Holidays are usually defined narrowly as an escape from work, but, an increasing number of people are seeking something constructive to do in their free time and signing up for a residential course instead of a lazy beach break, according to the Adult Residential Colleges Association (ARCA).
Over 150,000 people take a residential adult learning course in the UK each year. "People used to take several holidays each year, now they spend the money on residential courses." says Janet Dann, ARCA's secretary.
While a proportion of those taking a residential course want to learn new skills to help them to add value to a business or career, the majority do it for personal development.
ARCA's 25 colleges in England, Wales and Northern Ireland are not run-of-the-mill learning institutions. Many are in beautiful period buildings you would not otherwise be able to stay in, such as Missenden Abbey, a former Augustinian abbey rebuilt as an impressive Georgian mansion in the Chiltern Hills.
Missenden Abbey is celebrating the 30th anniversary of its summer schools this year. Knitting, sewing and all types of creative and crafting pastimes are back in vogue, and Missenden Abbey offers a range of creative courses in textiles, embroidery and lace-making.
"Arts and crafts enthusiasts of all ages and ability levels can benefit from the unique and inspiring environment and from the huge range of courses offered," says Rosa Maria Welsh, the centre's curriculum manager. Some of the courses can lead to a City & Guilds qualification, and every course, says Welsh, is taught by "first-class, highly inspirational tutors of national and even international reputation". Weekend courses typically cost £239 and week-long courses £669. Over 2,500 learners passed through Missenden's doors last year.
Most ARCA colleges are run by local education authorities but Higham Hall in the Lake District has established itself as a charitable trust. Higham Hall's principal Alex Alexandre welcomes 3,000 adult learners to its Gothic mansion each year. Owing to Higham's spectacular Cumbrian setting, walking, drawing and painting courses are favourites, particularly the Botanical Illustrations course which regularly has a waiting list. Some of the more unusual courses include Japanese ceramics, and Japanese calligraphy, taught by renowned Japanese artists.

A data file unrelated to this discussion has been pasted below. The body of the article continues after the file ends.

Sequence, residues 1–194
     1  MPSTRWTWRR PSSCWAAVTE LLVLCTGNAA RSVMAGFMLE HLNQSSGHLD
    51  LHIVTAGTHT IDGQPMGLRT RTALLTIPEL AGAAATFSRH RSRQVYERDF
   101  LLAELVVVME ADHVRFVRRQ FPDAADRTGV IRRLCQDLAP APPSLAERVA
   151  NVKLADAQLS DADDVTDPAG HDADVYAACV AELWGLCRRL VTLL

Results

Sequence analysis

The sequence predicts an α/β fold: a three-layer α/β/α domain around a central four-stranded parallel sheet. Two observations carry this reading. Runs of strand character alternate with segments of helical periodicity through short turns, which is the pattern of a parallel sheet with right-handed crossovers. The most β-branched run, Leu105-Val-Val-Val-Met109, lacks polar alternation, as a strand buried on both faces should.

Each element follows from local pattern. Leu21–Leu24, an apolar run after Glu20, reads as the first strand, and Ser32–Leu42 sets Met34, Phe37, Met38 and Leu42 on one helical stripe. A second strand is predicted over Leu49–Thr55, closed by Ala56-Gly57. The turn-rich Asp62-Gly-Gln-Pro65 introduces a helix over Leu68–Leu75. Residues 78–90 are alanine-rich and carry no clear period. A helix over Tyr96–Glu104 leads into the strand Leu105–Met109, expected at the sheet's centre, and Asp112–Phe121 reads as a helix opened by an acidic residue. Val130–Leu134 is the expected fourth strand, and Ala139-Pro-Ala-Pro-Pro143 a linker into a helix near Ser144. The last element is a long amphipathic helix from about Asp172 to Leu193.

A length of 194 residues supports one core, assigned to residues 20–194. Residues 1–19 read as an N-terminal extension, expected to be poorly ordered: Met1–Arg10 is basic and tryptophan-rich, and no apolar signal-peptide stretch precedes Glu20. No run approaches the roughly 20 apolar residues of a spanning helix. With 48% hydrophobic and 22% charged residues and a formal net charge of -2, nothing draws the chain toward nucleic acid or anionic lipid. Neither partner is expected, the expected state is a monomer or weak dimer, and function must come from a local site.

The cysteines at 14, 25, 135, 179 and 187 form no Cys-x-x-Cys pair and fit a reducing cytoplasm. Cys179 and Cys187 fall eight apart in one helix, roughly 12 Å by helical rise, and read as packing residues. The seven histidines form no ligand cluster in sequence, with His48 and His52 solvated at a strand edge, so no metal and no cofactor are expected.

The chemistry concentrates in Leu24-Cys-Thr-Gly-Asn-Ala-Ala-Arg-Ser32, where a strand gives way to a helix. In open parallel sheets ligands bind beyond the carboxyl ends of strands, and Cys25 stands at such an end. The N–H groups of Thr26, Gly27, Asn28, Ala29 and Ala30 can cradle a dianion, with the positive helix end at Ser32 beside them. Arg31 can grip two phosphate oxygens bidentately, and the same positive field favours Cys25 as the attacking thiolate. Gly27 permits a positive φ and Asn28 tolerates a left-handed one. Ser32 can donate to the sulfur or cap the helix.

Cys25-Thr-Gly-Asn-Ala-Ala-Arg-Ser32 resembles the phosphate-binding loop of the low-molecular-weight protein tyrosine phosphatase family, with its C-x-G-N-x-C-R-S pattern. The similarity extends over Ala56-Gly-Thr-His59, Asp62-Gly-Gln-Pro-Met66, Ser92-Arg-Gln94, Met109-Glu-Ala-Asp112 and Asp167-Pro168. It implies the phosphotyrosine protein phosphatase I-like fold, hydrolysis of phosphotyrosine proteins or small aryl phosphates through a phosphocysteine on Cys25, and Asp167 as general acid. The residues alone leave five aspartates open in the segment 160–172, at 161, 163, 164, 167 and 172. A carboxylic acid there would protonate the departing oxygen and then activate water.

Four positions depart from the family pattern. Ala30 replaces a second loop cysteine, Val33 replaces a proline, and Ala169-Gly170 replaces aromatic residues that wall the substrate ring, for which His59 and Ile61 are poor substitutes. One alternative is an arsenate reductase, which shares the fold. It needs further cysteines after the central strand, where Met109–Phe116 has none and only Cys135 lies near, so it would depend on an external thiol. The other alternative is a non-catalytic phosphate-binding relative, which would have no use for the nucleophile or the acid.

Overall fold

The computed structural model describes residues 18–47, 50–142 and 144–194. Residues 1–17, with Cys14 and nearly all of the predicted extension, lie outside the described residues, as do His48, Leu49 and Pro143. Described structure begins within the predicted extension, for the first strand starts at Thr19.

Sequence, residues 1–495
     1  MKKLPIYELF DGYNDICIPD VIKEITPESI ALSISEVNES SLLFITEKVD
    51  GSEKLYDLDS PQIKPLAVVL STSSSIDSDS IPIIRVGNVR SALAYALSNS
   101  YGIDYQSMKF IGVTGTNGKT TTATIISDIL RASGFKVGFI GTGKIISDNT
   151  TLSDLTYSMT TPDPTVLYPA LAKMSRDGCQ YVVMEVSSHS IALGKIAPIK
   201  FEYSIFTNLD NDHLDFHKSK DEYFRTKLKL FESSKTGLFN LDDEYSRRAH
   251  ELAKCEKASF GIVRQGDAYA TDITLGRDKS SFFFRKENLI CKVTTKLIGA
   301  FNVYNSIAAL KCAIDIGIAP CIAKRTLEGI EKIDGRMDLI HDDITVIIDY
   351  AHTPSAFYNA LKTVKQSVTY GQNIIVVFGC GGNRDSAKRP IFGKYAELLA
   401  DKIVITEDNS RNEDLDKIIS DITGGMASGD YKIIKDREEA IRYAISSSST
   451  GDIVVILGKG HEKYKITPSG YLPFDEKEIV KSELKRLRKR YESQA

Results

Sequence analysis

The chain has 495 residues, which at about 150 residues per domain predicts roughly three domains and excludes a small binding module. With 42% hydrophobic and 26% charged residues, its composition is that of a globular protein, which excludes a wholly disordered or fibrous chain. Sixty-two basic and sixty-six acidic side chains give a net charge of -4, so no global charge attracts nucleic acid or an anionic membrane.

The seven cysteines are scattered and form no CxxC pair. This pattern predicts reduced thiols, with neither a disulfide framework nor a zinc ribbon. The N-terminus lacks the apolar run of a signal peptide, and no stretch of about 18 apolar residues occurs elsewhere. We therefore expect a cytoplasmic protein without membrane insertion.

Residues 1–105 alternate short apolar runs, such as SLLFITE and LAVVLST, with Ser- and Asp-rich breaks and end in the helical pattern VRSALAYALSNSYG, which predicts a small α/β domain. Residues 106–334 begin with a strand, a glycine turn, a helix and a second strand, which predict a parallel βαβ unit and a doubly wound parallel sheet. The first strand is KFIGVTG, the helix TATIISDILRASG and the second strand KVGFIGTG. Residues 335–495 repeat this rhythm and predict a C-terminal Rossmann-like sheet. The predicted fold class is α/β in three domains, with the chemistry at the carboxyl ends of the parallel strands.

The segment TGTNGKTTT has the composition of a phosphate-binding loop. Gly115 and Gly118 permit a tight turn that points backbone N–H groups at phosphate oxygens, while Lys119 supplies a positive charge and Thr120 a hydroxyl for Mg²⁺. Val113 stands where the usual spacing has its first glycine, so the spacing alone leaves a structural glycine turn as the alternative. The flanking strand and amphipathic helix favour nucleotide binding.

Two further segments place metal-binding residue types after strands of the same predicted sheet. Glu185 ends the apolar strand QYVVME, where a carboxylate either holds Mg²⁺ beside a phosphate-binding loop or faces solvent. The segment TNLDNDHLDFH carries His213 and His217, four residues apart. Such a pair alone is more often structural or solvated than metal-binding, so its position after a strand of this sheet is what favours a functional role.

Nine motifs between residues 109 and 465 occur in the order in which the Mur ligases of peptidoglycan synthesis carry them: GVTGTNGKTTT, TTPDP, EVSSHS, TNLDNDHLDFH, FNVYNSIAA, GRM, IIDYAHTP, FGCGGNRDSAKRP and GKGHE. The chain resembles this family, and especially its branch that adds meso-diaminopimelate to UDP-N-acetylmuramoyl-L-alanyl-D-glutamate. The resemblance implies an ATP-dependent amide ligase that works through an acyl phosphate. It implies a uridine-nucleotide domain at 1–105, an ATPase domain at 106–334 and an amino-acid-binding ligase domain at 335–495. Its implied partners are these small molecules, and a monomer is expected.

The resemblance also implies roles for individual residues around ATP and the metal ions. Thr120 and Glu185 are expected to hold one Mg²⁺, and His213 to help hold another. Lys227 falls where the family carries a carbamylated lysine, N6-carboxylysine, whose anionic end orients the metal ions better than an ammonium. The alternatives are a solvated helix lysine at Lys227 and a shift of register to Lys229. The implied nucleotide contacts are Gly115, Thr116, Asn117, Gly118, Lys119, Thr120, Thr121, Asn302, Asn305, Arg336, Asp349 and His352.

The cost for an all-inclusive two-day break is usually £180 and Alexandre says they work hard to keep the prices down. Once you have arrived at Higham Hallwith its view of Skiddaw and the Lake District's Northern Fells, all the food and tuition is provided.
George Cooke, the development manager of Burton Manor in Cheshire, which is near Ellesmere Port, says that residential colleges have thought of their courses as "learning breaks" for many years, a concept that has been popularised by travel companies and magazines. "We have learners who go abroad for a big holiday but come to Burton Manor two or three times a year as well," he says. "Some have been coming for over 10 years."
"The residential nature of learning is quite important – the social side, the food, ambience and gardens. It is much more than just the course." Cooke knows of a couple who met while doing a course at Burton Manor and others who met there and later took holidays together. They struggle to attract male learners, and are introducing a new art course in painting ships and aircraft in an attempt to remedy this. The standard rate for weekend courses is £150. Accommodation is extra, with bed and breakfast from £16 a night.
They also struggle to attract younger students. Alexandre suggests this is because they are often still engaged in formal education or training. Staycations – holidays where people stay at home or nearby to avoid the stress and expense of travelling – are predicted as the holiday trend of 2009, so perhaps a greater number of younger learners will be attracted to a course this summer. An ARCA college might be one of the few "adult only" spots left in the UK.